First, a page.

Monday, May 30, 2011 Review

I was recently asked to review, a popular stock photo website. I spent a month using the site, and overall, I enjoyed it. Here are my thoughts.

You can choose from either a subscription plan, or a credit bundle. The subscription plan (which I had) lets you download a certain number of credits worth of images each day. Since vector files cost more credits, you can't download as many per day as you can with raster.

There's also a bundle plan, where you buy a bunch of credits and then download files at will, rather than being limited to using a certain number of credits per day.

Once I had some items in my lightbox, I couldn't figure out how to download them. The website was seemed to be pointing me toward purchasing credits, but I had a 1-month subscrition. It seems that if you have a subsciption plan, it should automatically select the "Subscription License" for each photo, rather than have me choose between 6 or 7 different licenses and sizes. I'd like to have the checkout/licenses selection process a little easier. When I have a bunch of items in my cart, there are literally hundreds of radio buttons on the page (about as many as 8 for each image). It would be a little easier to use if all of these options were in a dropdown menu for each image, rather than having all the radio buttons.

I liked how there was a dropdown menu to enable me to select the same license type for everything in the cart. Ironically, I didn't find this dropdown menu until my subscription had ended. Perhaps that's because the dropdown is very small, gray, and located waaaaayyyyy at the bottom of the page.

I also liked the option to create a zip file for everything in the cart. If you select that option, you'll be emailed an encrypted link to the zip file containing your images.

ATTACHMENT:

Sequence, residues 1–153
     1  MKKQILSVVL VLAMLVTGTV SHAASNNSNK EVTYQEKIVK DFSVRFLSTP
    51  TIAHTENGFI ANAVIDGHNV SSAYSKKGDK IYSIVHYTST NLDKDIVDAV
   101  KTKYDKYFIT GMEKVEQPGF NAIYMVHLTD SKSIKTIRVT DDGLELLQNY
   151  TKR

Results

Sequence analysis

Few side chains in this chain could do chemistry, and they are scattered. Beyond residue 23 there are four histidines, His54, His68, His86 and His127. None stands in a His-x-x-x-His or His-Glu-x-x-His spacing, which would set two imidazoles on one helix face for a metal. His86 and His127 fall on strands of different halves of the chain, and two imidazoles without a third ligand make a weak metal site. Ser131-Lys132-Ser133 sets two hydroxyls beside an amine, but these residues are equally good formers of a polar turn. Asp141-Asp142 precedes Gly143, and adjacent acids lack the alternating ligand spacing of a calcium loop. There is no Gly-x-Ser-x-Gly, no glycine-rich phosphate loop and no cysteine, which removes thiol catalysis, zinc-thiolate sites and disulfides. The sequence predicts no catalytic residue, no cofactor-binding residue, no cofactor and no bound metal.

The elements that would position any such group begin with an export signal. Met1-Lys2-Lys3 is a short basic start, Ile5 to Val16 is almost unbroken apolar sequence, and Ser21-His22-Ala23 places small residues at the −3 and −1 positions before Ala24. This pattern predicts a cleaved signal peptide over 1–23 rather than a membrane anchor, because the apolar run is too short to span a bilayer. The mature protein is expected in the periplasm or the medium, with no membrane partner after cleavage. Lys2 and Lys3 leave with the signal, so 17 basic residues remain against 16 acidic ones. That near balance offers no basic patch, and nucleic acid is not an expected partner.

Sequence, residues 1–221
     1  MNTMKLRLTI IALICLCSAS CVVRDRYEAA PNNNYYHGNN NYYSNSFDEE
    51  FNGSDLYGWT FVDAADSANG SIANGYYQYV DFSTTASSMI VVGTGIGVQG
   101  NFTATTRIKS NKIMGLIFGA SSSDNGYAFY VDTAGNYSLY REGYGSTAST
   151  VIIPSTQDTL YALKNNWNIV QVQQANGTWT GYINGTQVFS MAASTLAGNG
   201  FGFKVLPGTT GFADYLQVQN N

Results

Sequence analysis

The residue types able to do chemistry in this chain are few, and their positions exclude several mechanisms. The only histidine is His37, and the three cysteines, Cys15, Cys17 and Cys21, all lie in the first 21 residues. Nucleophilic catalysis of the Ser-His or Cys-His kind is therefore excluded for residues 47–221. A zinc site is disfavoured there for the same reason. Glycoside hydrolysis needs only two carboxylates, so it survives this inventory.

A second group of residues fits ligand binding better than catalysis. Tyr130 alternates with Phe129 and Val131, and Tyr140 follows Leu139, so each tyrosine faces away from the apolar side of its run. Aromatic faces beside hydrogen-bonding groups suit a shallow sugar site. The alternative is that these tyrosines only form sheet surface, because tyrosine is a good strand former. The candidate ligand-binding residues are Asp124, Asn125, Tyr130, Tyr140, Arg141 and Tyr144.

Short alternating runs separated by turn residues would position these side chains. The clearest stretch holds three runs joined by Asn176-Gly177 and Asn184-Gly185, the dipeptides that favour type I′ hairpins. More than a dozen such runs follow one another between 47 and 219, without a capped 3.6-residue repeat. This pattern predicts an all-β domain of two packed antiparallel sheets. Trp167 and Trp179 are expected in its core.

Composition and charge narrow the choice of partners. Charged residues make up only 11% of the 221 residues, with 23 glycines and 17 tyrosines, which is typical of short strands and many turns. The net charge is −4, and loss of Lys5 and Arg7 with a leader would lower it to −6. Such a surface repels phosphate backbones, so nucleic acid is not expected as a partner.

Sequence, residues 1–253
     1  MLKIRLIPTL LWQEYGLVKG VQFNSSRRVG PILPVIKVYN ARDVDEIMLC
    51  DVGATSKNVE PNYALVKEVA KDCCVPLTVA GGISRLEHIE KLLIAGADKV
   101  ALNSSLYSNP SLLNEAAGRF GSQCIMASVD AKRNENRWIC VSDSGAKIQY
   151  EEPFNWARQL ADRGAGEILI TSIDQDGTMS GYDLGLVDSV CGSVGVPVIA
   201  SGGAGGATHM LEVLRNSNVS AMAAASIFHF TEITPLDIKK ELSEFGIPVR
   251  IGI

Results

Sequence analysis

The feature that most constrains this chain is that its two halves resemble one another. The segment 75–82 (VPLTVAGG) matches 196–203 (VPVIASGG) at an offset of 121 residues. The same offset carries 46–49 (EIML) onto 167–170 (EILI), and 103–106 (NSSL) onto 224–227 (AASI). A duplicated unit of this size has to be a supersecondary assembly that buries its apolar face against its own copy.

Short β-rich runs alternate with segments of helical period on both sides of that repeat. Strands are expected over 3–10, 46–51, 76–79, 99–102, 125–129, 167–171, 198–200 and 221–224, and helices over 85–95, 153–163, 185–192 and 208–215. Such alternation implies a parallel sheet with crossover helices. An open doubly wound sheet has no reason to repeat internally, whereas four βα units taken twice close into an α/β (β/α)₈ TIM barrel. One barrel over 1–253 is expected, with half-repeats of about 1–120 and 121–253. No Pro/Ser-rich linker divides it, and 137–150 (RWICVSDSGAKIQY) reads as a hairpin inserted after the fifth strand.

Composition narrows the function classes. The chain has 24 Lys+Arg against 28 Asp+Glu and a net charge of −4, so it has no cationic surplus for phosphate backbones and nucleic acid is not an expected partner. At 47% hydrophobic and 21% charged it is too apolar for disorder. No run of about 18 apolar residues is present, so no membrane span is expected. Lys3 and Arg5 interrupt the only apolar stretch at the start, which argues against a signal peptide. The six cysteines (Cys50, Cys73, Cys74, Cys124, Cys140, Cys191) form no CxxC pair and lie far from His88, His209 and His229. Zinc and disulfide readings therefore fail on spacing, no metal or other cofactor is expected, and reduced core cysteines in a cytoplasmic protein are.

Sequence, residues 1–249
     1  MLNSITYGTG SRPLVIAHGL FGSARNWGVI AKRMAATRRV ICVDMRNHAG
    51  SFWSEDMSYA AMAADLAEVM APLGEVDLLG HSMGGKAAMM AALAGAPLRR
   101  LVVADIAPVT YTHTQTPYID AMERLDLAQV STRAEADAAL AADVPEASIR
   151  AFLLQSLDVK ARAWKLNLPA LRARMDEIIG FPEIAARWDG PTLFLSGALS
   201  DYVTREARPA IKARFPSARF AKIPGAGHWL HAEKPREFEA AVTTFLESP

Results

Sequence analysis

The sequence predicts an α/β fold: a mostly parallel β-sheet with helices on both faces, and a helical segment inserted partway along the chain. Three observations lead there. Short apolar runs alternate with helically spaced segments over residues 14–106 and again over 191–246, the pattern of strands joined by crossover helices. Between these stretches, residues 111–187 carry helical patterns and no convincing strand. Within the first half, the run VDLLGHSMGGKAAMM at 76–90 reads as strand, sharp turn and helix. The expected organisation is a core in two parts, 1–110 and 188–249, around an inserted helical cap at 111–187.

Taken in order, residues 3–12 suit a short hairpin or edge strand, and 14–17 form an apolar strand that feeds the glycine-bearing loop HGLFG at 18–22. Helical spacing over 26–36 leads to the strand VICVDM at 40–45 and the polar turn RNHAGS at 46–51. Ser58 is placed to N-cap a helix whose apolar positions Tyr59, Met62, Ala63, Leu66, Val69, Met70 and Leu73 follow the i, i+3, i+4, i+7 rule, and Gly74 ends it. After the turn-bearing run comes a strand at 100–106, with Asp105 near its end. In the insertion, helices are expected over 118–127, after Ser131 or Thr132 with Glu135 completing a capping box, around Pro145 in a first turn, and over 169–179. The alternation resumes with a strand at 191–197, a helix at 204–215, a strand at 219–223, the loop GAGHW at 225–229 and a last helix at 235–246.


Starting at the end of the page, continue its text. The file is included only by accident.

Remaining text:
How I'd Make it Better
I think overall, the interface needs to be simpler. There should be bigger buttons, so it's more obvious for those of us that skim the page rather than reading all the details (think or

I wish the thumbnails in the lightbox were a little bigger. On my laptop screen, the little thumbnails were about 1/4" square. They have a nice big pop-up comp image when you mouse over each thumbnail, but if the images in the lightbox are similar colored to one another, it can be a little tough to find the one you're looking for.

I'd make the free photos easier to find. Their marketing material says they offer a lot of free images, but when I typed in "Free" in the keyword search, I got pictures of horses, dandelions, and smiling children. I couldn't actually locate any of the free images.

The pricing is more affordable than other stock photo websites. The user interface is not as slick as other stock photo websites, but the price is definitely better. What I especially like is that you can choose the number of credits you want to purchase. That way, if you only need 14 credits to buy the image you need, you don't have to purchase 25. That is a great consideration for price-sensitive, budget constrained organizations.